• Breaking down large transactions into smaller ones (also known as structuring)
  • Suspicious user behavior (e.g., constant change of personal information)

If you want to read more about money laundering in the crypto industry, ways to spot the red flags and what to do afterward, read our article here.

Real estate

  • Anonymous buyers
  • Use of shell companies
  • Buyers or funds located in a country with a weak AML regime, high corruption, or known support for terrorism
  • Discrepancy between the buyer’s official income and the property value
  • Unexplained distance between the buyer and the property
  • Under- or overpriced property value
  • Large amounts of cash used

To learn more about money laundering in real estate, check out our guide here.

Traders and broker-dealers

  • Quick movement of money coupled with low beginning and ending daily balances 
  • Foreign exchange transactions
  • Large transfers from customers that don’t have a trading background 

To read more about trading regulations around the world, check out our guide here.


 Usually, criminals conduct money laundering through banks in three stages:

  • Placement—introducing illicit money into the financial system
  • Layering—conducting a number of complex financial transactions to hide the source of illicit money
  • Integration—returning illicit money to criminals from what seems to be legitimate sources

A full guide on AML in banking can be found here.


  • What are red flag indicators?

    Red flag indicators signal criminal activity. Companies need to establish policies and procedures to ensure their ability to detect and report red flags to respective authorities in a timely manner. The Financial Action Task Force (FATF) provides companies with guidelines on what can be considered a red flag.

  • What is considered a red flag in banking?

    Some red flags include:

    • Overly secretive clients

    • Vague background information

    • Questionable source of funds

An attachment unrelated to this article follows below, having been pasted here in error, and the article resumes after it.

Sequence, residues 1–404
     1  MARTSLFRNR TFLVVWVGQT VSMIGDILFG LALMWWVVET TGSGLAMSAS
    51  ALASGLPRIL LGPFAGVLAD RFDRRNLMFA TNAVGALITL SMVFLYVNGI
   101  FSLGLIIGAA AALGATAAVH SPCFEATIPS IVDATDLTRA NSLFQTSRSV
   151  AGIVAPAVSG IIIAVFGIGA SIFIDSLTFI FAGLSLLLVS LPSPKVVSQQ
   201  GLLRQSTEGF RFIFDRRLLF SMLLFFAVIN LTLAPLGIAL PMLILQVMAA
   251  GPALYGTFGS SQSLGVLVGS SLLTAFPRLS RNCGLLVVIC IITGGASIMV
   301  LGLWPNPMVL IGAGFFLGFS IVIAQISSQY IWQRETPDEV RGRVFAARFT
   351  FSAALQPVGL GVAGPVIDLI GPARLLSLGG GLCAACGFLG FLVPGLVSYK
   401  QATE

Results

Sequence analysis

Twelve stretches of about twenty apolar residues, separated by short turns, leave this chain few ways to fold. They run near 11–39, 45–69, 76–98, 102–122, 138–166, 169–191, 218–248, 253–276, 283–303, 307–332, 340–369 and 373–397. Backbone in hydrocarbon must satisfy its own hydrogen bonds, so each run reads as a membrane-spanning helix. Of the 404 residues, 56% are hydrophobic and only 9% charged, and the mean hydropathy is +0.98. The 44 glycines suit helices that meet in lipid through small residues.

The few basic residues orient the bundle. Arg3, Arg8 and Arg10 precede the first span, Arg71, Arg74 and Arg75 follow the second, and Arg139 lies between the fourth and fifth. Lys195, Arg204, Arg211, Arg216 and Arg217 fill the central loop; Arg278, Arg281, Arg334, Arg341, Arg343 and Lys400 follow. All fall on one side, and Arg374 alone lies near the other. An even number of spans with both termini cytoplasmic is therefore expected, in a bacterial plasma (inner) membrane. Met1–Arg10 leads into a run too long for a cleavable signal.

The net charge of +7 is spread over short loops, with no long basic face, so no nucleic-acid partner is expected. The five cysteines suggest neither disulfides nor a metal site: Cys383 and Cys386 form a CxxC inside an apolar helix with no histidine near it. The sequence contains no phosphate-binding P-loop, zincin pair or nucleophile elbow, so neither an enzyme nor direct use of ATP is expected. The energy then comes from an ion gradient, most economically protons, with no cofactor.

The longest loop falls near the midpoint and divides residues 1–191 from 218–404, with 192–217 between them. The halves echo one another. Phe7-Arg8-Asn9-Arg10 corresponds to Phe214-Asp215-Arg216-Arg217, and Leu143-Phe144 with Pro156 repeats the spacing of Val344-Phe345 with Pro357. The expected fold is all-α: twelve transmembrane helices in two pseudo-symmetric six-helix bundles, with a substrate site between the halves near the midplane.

• Atypical transactions

    • Irrational choice of a legal representative

    • Politically Exposed Person (PEP) status

    • Usage of virtual assets

    • Sanctions lists

    • Adverse media

    • Geographic inconsistencies

  • What are the red flags in cryptocurrency?

    Some of the red flags that we identify for the crypto industry include:

    • Unusual size, destination, or pattern of transactions

    • Use of mixing services and fraudulent exchanges

    • Breaking down large transactions into smaller ones (also known as structuring)

    • Suspicious user behavior (e.g., constant change of personal information)

  • What is considered suspicious bank activity?

    In general, suspicious activity in banking doesn’t have a good logical explanation. An example could be when a company specializing in marketing suddenly pays for building materials.

  • What is suspicious transaction monitoring?

    Transaction monitoring is an ongoing security process that helps companies detect suspicious transactions. Transaction monitoring software spots unusual patterns and reviews dubious transfers and transactions made in digital or fiat currencies. The purpose is to answer the following questions:

    • Where did the money come from?

    • Where is the money going?

  • Do wire transfers raise red flags?

    Generally, wire transfers don’t raise red flags unless they follow some of the abnormal patterns mentioned above. According to FinCEN guidelines, banks have to report wire transfers that exceed $10,000 to the IRS.

Adverse MediaAMLCDDFATFKYCRed FlagsRisk-Based ApproachSanctionsTransaction MonitoringVirtual Assets